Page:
Tuesday, September 2, 2008

The Paradise of All These Parts

I just finished reading The Paradise of All These Parts, a new book by John Hanson Mitchell. It's a really interesting new book on the natural history of Boston, a topic that the author notes is one that has been sparsely covered. Geography is such a major factor in the unfolding of human history (think how many wars have been fought over land, access to seaports, etc.), and Boston is no different. 

Mitchell lays out his approach right in the preface when he talks about "querencia," a Spanish term for a sense of place, and he asks questions about why certain areas have emerged from the wilderness to become powerful cities or historic towns, including Boston. Mitchell points out that the city would not exist without its deep-water harbor and navigable rivers, its nearby wooded hills, and its abundance of fish and waterfowl. (It's a theme I touch upon in Discovering the Boston Harbor Islands as well. The city would never have become a maritime power without its islands that afforded protection from nature's fury and enemy attack.)

Mitchell then sets out to educate the reader on the city's actual nature of the place. His narrative is part travelogue, part history, part nature lesson. At times it gets repetitive with certain facts that pop up in multiple chapters, but it's a good read. The author uses visits to downtown Boston, East Boston, Route 128, Franklin Park, Blue Hill (I hadn't known this was the highest point within 10 miles of the coast along the Atlantic seaboard), the Fenway Victory Gardens (the only extant victory garden in the U.S.), and Boston Harbor, among other places, to help advance the narrative. Mitchell tells the story of how Native Americans and Puritans approached nature in very different ways, with the Puritans viewing the wilderness they discovered in America as a foreboding place to be feared and conquered, and how those attitudes carry on to this very day. I only wish I had more knowledge of flowers and birds, so that when Mitchell names particular species, I could better visualize.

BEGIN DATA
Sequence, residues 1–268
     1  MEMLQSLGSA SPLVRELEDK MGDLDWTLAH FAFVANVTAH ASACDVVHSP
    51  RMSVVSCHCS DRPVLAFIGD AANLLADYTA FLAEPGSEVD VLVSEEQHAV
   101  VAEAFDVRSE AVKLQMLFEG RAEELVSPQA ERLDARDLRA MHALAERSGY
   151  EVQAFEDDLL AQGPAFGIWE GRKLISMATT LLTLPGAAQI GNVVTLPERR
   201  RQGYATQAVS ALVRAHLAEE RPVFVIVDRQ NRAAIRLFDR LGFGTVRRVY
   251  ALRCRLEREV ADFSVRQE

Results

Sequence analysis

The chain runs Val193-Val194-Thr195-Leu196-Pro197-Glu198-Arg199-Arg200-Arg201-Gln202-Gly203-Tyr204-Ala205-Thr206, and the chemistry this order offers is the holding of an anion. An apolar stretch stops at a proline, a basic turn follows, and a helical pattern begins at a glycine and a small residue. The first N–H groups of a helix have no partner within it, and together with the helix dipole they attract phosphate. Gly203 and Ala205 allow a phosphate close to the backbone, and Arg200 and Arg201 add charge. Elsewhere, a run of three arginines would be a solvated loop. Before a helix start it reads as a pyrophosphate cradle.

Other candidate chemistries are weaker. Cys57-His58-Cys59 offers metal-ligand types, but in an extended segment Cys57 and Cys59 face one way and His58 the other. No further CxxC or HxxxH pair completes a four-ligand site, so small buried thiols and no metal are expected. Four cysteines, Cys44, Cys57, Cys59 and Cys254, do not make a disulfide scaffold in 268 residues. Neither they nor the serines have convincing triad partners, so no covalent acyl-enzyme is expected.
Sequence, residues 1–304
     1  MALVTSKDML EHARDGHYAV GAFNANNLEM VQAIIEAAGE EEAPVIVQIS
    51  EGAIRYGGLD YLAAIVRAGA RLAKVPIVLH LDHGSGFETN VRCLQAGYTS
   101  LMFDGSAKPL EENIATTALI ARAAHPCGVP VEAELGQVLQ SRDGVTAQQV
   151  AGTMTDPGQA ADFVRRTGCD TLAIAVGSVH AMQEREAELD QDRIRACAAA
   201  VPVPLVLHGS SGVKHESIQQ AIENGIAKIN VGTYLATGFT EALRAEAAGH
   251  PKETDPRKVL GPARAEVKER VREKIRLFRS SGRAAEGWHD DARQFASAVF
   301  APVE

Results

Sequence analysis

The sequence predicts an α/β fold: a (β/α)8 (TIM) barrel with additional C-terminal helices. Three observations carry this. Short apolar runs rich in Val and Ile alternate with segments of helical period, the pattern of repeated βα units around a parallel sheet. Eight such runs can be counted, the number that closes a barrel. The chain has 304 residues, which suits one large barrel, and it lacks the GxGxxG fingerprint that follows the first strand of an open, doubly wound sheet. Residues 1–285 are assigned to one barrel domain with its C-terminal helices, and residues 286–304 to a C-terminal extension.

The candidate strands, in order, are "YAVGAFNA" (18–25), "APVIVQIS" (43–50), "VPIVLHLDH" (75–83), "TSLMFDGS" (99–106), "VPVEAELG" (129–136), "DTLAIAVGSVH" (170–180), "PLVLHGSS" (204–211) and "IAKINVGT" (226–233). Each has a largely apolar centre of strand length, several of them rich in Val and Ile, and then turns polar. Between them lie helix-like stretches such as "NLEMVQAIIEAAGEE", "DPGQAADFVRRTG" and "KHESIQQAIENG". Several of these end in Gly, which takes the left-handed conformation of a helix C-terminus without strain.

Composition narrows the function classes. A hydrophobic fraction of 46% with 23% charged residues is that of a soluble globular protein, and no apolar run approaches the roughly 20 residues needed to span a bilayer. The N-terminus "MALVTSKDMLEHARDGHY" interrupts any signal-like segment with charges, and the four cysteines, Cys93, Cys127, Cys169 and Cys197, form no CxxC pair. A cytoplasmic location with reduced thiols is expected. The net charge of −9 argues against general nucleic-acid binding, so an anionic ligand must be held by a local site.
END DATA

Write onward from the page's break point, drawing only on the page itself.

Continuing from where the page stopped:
The book is not a tome solely focused on flora and fauna; there is discussion of the city's climate, urban planning, and history, which Mitchell talks about to make the case that the geography of the city influenced many historical events (even the witch hysteria in 1692) and to show how man has dramatically altered the natural surroundings of Boston. For example, Mitchell describes the menus of Locke-Ober and the old Taft 's Hotel in Winthrop, which were filled with many shorebirds in the early 1900s, reflecting their prevalence around the city back then. 

If you want to read a different take on the evolution of Boston, check out The Paradise of All These Parts. 

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